Figure 2. Distal rampart separated from inner ejecta by a
moat at Hokusai crater. The ejecta in the moat possess minimal thickness, as indicated by elevation relative to the height
of surrounding terrain (indicated by the white dashed line).
Figure 1. Hokusai crater with MLA profile. The black box
outlines the region shown in Figure 2. White arrows indicate
distal ejecta ramparts.
The most intriguing features of Hokusai crater are
observed in its near-rim ejecta field. The MLA data
indicate that the change in ejecta thickness with distance from the crater rim is not well modeled by a
power-law function with a -3 exponent, as is often
used to describe ejecta emplaced ballistically [7]. Surface roughness [8] around this crater has a different
pattern with radial distance from that for other fresh
craters on Mercury. This difference is associated with
the ropey properties of Hokusai’s near-rim ejecta, and
a less well pronounced secondary ejecta field relative
to similar-sized craters Abedin and Stieglitz, which,
like Hokusai, are within the northern smooth plains.
46th Lunar and Planetary Science Conference (2015)
Surrounding about two-thirds of the crater (Figure 1),
the ropey ejecta is bounded by a terminal rampart. In
many instances, the distal ramparts are separated by a
moat from the continuous ejecta and can be ~500 m in
height (Figure 2). Although the heights of Hokusai
ramparts are large relative to Martian ones (~200 m for
similar-sized craters [4]), these features are otherwise
morphologically identical to single-layered ejecta facies seen on Mars [4]. The run-out distance of the continuous Hokusai ejecta (as delineated by its ramparts)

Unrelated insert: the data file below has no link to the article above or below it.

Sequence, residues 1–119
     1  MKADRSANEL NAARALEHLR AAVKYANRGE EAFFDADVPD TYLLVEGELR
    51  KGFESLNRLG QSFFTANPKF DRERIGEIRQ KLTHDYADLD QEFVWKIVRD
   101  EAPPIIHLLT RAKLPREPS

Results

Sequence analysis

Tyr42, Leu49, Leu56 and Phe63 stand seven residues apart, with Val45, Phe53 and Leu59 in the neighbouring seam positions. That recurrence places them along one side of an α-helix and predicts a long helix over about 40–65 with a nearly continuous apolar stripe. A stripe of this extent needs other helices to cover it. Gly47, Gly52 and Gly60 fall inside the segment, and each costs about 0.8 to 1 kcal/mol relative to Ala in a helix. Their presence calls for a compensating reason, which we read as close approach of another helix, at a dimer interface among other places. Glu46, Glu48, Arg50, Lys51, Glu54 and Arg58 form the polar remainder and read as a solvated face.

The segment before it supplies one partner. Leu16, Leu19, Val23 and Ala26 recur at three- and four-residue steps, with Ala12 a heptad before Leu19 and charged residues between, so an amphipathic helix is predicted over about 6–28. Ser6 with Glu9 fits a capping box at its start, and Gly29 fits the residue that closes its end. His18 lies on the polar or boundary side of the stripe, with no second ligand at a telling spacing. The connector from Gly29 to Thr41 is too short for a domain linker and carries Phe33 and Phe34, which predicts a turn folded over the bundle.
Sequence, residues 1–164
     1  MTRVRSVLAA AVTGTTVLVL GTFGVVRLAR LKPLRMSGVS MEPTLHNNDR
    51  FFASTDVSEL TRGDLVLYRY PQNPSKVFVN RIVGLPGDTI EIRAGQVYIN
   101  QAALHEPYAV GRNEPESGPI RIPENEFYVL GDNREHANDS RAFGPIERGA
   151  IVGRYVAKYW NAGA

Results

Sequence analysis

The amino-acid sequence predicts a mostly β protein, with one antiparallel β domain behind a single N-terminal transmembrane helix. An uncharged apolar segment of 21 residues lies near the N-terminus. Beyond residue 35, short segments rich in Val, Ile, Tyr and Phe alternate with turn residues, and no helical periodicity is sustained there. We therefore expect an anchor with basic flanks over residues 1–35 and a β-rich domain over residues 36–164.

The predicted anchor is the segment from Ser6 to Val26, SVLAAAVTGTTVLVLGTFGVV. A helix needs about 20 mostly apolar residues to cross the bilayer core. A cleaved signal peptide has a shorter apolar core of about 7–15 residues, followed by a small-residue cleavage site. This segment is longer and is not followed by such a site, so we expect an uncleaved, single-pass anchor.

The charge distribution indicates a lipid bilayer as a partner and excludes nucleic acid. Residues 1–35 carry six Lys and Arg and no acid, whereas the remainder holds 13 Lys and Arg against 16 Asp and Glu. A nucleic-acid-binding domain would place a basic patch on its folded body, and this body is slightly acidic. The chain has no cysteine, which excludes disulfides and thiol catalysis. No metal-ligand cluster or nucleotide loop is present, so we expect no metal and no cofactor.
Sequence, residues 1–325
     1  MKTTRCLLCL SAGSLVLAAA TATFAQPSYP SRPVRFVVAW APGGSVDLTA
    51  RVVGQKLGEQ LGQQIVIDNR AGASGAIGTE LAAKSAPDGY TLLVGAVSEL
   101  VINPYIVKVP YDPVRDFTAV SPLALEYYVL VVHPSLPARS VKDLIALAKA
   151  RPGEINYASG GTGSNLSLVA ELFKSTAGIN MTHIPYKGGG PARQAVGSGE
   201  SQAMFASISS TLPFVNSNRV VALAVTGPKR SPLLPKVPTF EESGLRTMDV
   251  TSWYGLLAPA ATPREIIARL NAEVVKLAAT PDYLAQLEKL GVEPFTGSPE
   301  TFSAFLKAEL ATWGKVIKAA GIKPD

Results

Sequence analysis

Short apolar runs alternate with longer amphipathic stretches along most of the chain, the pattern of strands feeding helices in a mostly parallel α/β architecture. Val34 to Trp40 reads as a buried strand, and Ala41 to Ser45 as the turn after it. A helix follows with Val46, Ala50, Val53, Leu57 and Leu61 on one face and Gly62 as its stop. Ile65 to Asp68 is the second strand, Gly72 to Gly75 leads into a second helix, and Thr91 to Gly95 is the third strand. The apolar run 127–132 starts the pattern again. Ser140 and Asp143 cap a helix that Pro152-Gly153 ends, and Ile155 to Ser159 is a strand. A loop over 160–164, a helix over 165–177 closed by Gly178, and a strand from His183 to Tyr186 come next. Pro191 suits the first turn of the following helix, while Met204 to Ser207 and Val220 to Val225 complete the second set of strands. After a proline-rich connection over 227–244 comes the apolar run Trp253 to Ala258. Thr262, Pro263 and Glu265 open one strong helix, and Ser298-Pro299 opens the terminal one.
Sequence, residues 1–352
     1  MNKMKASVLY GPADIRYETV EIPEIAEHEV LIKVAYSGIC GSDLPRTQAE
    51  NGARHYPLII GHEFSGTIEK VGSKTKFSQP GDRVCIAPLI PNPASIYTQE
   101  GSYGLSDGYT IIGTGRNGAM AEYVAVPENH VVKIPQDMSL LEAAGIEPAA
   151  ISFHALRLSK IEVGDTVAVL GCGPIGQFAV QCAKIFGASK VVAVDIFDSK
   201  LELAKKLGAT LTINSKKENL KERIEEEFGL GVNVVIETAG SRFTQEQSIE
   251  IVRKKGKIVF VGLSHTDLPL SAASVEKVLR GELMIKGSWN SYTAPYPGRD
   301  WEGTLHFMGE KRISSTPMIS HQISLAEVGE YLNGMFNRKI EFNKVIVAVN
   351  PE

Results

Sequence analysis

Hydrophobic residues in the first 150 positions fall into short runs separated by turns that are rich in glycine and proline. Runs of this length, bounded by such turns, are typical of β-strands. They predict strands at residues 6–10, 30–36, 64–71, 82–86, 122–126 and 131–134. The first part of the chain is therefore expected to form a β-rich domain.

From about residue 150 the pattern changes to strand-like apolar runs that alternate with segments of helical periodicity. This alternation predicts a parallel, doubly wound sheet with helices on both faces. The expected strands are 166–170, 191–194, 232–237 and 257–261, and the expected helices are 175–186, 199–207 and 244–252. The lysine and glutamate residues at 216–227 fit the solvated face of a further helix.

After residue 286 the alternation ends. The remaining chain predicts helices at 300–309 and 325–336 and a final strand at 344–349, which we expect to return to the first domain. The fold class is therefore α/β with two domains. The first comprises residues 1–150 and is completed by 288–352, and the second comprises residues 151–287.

is less (<1 crater radius) than for equivalent-sized, single-layer ejecta craters on Mars (>2 crater radii).
The single-layered ejecta morphology observed at
Hokusai is not observed at other Mercury craters reported to possess ejecta flows [1]. The thin ejecta deposits (<20 m; Figure 2) in the moat that separates the
inner ejecta from the tall but narrow distal ramparts are
not observed at these other craters. In contrast, the
ejecta deposits seen at these other Mercury craters
have broad, low-curvature distal rises, resembling
landslides [6], and MLA measurements reveal that the
outer portions of the ejecta deposits are thick (500–800
m in the case of a 60-km-diameter crater located at
45ºN, 288ºE). These landslide-like flows form on a
pre-existing slope (>5°) [1] and appear to be the result
of outward slumping of a crater rim, like those reported at Tsiolkovsky basin on the Moon [9]. In contrast,
the Hokusai singled-layered ejecta formed on terrain
with a very small (<1°) regional slope.